By Spring my budget should be up around $30k US which brings more cars in to play – it’s always hard when you have a tight budget. There is always the thought lingering at the back of your mind that you have to get the absolute best deal for your money. The problem is that sometimes that makes you hesitate and end up losing out on what would have been a good deal.
It’s very hard being in this position. On the one hand, I could never have afforded to think about getting my dream car in England where I grew up, but here in Canada it is actually doable. On the other hand, when you see something you tend to jump for joy and start making all sorts of plans, then the doubt demons jump up and you start ‘what-if’-ing yourself out of things because of fear.
I’m fighting hard against it.
I’m looking to buy a Corvette ZR-1. These are pretty rare as ‘vettes go (and even a ‘regular’ Corvette is rather rare by typical domestic car production numbers) and to be honest it’s rather a scary proposition.
On the one hand, we can afford the payments no problem and I have the full support of Hil, my fiance. On the other, we’re talking about spending 30-40 thousand dollars (Canadian) on what is essentially a ‘toy’. And not only that but one that we can only really use 7 or 8 months of the year here in Northern Ontario.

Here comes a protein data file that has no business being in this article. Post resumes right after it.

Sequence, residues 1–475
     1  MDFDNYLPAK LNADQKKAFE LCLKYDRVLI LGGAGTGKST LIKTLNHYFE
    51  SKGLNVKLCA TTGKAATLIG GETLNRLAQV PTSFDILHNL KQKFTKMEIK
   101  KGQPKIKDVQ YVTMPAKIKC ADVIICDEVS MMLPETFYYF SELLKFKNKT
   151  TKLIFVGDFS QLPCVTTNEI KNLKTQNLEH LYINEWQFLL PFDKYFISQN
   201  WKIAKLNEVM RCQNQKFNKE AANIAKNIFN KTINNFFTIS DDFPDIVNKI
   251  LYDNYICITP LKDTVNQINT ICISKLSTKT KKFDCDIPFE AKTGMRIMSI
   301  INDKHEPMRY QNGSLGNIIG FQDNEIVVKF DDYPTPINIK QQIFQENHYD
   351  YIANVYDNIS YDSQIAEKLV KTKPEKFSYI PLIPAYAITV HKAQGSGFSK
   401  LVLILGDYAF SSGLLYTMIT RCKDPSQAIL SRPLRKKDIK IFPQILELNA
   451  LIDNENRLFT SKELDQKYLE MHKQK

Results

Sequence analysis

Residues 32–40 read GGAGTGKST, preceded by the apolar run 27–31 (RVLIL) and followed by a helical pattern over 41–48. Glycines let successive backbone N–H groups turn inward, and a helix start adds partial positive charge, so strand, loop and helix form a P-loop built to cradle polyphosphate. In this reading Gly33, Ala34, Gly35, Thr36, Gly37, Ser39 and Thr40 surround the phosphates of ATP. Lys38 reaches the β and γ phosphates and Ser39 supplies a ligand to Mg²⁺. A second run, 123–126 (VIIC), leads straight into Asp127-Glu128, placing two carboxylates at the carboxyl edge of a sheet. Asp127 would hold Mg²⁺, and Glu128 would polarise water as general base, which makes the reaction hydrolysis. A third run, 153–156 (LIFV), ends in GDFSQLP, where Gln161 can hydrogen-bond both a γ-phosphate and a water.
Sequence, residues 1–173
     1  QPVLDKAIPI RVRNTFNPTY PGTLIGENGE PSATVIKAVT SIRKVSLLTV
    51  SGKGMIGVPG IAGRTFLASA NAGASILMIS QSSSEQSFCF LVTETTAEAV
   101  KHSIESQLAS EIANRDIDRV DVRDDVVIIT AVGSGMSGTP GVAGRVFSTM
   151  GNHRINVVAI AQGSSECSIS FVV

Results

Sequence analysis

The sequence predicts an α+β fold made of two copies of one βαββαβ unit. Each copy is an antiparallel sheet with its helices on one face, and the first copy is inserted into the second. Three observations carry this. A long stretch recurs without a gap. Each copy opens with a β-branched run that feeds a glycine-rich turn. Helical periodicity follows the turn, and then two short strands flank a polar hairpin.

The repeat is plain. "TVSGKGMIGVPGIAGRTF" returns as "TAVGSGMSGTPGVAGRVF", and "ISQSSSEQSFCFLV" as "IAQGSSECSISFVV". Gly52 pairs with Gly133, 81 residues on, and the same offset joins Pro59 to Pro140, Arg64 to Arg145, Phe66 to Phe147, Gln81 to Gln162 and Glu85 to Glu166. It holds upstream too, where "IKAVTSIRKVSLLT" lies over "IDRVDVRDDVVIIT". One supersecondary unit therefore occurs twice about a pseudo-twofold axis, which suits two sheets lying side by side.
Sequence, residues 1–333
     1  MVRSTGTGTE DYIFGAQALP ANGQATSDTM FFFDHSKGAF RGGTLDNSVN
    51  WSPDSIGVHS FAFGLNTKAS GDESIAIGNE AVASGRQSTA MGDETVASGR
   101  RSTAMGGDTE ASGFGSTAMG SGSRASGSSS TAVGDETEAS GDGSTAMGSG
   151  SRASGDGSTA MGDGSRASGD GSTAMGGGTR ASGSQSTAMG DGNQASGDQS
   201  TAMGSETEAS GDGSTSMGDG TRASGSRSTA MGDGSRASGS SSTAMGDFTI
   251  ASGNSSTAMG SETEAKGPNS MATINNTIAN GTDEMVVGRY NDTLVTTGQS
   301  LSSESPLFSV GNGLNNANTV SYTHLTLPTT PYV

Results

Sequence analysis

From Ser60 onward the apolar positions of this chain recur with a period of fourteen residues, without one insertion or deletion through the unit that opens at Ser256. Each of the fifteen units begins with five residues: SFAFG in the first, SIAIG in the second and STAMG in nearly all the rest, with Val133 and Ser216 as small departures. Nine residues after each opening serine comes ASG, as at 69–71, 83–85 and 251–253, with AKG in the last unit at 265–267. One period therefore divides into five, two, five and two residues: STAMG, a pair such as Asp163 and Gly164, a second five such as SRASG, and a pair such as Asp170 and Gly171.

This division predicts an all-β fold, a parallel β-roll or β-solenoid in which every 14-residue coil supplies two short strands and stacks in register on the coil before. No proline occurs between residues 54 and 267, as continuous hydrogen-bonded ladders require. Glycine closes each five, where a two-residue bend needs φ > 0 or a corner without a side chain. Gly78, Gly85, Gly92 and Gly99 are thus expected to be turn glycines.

That’s a lot of money. In fact a significant percentage of what we paid for our house!
Hil is all for it and 100% behind me. She knows just how long I have dreamed of this and how much I want it. In fact she probably pushes me more to get one than I do myself, because I always feel ‘guilty or something.
Still, it worries me and all of those ‘doubt demons’ start jumping around inside my head, bouncing the the “what if’s”Â around in the space between my hairy ears.
I talk to Hil about it over and over. She must think I am a complete pain in the arse sometimes. She always soothes my troubled thoughts though and reassures me that it’s okay to go ahead.
The search for a Corvette can be a long and complex journey. The road to ‘vette ownership rarely seems to run straight, and although ‘vette owners generally like a few curves ( in all senses ), perhaps in this instance the enjoyment breaks down a little.
This goes double if your goal is a slightly unusual ‘vette or, as in my case, you’re looking for a rare edition like the ZR-1.
There are basically three main sources to check when it comes to acquiring a car – dealers, private sales (through ads or enthusiast clubs) and auction houses – some of which specialise in Corvettes.